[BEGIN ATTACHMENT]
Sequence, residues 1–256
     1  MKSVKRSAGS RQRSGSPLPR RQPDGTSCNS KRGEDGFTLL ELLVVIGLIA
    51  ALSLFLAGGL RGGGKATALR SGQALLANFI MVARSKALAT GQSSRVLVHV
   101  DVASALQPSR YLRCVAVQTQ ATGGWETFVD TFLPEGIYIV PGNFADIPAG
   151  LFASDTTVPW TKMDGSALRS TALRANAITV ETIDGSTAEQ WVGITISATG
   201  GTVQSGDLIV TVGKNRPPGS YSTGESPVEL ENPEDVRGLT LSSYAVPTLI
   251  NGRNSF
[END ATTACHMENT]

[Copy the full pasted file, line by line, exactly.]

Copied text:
Sequence, residues 1–256
     1  MKSVKRSAGS RQRSGSPLPR RQPDGTSCNS KRGEDGFTLL ELLVVIGLIA
    51  ALSLFLAGGL RGGGKATALR SGQALLANFI MVARSKALAT GQSSRVLVHV
   101  DVASALQPSR YLRCVAVQTQ ATGGWETFVD TFLPEGIYIV PGNFADIPAG
   151  LFASDTTVPW TKMDGSALRS TALRANAITV ETIDGSTAEQ WVGITISATG
   201  GTVQSGDLIV TVGKNRPPGS YSTGESPVEL ENPEDVRGLT LSSYAVPTLI
   251  NGRNSF